I have to tell you, I review the scriptures from the lectionary, pick usually two of them, decide on a theme and a sermon title months in advance so that the Music Director and ensemble leaders can choose music selections and rehearse for worship. I have never tried to work so far ahead as I am doing here in Morton. I had to laugh when I got to the sermon title for today’s service. If I were choosing a title today I would have picked “Other People’s Money.” 

I like “Other People’s Money” as a title because no one is ever so rich as what their neighbors think they are. There is something in the culture that has us obsessed with the wealth of others. We also are likely to poor mouth our own circumstances and financial situation. 

I have two full sets of The Interpreter’s Bible commentary, in addition to specialized ones. One set of Commentary was released, volume by volume, throughout the time I was in seminary, and assembles a fair cross section of biblical scholarship at the turn of this century. The earlier set was a gift from a retired pastor, released in the mid-1950’s and represents the heart of the mainstream protestant biblical thinking as I was growing up. I often look at both of these sets, recalling the thinking I grew up in, and then seeing the adaptions influenced by the theologies of feminine, womanist, queer, and the liberation theology of Central and South America. 

This week I was startled as I read page after page in the commentaries of theoretical discussion of how this snippet summarized Jesus take on the faithful person’s relationship with the world of politics. In the 1950s the debate was, do the spheres of politics and religion ever overlap? This was a decided pushback against the “Social gospel” that took root in the 1870s through the Great Depression. 

The Social Gospel worked to define salvation both socially and personally. It became the foundation for labor movements that ended child labor, worked for living wages, and eventually underscored the break up of the monopolies associated with the “robber barons” of that day. After the Second World War, in the blush of national pride and the booming economy, the theology in the pulpits took a decided turn toward personal piety.   

At the turn of this century, there were broad statements carefully trying to limit what “endorsement” of empire Jesus was making in this text. The theologies centered in the perspective of the people at the margins of society, are very sensitive to any attempt to make it sound like it was easy for Jesus to be co-opted by the powerful. These contrasting perspectives remind me of the various kinds of sermons you and I have heard over the years regarding this very same text. 

This story appears in the gospel of Mark, and is retold in both Matthew and Luke. It carries a message well because it is not abstract in the least. Whenever we want to get attention, we make a claim about other people’s money, or other people’s taxes. Almost always, these allegations are made without reference to actual facts, but based on pure conjecture.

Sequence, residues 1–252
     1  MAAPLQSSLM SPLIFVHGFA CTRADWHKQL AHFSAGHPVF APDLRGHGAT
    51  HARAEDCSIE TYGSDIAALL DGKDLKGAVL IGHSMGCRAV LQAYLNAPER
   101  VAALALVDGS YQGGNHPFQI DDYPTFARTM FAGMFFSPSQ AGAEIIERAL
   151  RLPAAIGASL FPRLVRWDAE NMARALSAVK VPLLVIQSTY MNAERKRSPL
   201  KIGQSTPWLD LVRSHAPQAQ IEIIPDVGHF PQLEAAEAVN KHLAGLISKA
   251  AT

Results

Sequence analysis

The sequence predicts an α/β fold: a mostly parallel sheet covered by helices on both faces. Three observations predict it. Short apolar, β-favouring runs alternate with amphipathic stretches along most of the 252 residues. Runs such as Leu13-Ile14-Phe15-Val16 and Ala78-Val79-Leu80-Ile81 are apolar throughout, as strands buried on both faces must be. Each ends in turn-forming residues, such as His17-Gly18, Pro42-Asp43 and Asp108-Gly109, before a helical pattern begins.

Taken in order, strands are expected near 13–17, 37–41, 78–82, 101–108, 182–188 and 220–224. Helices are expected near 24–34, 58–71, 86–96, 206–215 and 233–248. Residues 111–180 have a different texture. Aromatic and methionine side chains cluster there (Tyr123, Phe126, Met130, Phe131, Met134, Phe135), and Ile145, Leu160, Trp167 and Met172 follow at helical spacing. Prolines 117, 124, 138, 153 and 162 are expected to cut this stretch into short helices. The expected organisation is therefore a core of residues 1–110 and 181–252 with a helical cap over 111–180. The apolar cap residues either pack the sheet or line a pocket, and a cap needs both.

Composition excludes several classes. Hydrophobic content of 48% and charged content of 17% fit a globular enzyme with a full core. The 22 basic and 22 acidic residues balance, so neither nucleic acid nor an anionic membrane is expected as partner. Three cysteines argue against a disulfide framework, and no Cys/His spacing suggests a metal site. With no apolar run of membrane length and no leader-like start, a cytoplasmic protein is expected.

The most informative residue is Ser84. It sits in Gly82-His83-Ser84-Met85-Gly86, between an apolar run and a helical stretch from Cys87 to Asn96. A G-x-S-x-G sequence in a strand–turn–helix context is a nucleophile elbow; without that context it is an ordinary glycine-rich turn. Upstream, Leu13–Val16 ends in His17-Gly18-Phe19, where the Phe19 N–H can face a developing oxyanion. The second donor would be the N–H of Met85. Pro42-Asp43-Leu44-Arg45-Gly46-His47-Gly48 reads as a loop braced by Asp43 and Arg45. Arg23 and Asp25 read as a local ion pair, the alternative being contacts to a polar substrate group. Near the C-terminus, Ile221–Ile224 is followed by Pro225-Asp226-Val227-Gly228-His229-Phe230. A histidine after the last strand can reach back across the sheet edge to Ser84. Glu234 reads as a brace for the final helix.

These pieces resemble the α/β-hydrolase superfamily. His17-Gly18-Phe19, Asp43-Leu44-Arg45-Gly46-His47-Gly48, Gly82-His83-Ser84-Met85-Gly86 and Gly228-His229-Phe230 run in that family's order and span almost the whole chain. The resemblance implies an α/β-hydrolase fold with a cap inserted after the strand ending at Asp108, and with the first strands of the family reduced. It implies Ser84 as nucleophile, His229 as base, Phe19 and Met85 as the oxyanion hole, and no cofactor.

There is a contrast, made clear in Matthew’s telling of the story, as he identifies two distinct groups as the questioners of Jesus. The Pharisees think that by paying taxes to the occupying Roman Empire, you are a traitor, supporting the enemy and not honoring God’s Chosen people in their own land. While they were not as radical as those refusing to pay the tax, they argued that it was a case of honoring a false God. 

The contrasting partners in the cornering of Jesus, were the Herodian’s. Herod’s people count on tax money. Herod the Great was a big builder. He built cities, and palaces and even rebuilt the Temple. It takes a lot of money to maintain huge construction projects. Herod’s son, Herod the not so Great, rules Jerusalem and vicinity during the lifetime of Jesus. The setup is they ask Jesus a “Yes or No” question, “Is it legal to pay the tax to the emperor?” and no matter how Jesus answers, one group is sure to be outraged.  

So Jesus asks for a coin used to pay the head tax. The people in Matthew’s community would know that the tax; 1) was required to be paid in Roman currency; 2) the coins bore a picture of Caesar; and 3) the inscription read “Tiberius Caesar, august son of the divine Augustus, high priest.” 

They would also know that the Temple rules were clear that people were expected/required to leave their “foreign” currency out of the Temple. The money changers would exchange their Roman currency for Temple currency, for a nominal fee, in the public space before entering the Temple. These are the “money changers” who experience the wrath of Jesus in our Holy Week stories. The questioners showed themselves idolatrous to have the coin with them. When they produce the coin in the Temple, Jesus has already defeated their claim to superior piety, though this point is not expressed directly in the text itself. 

The debate marked the ability of Jesus to see through a shallow concern of what separates and divides us, and use that concern as a platform to lift up a more clear picture of a better way. Offer to God the things of God.